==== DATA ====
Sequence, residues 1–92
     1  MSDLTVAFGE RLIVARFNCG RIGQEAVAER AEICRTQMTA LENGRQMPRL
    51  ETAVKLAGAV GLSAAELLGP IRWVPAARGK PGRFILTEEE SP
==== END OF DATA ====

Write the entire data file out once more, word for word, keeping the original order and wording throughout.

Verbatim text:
Sequence, residues 1–92
     1  MSDLTVAFGE RLIVARFNCG RIGQEAVAER AEICRTQMTA LENGRQMPRL
    51  ETAVKLAGAV GLSAAELLGP IRWVPAARGK PGRFILTEEE SP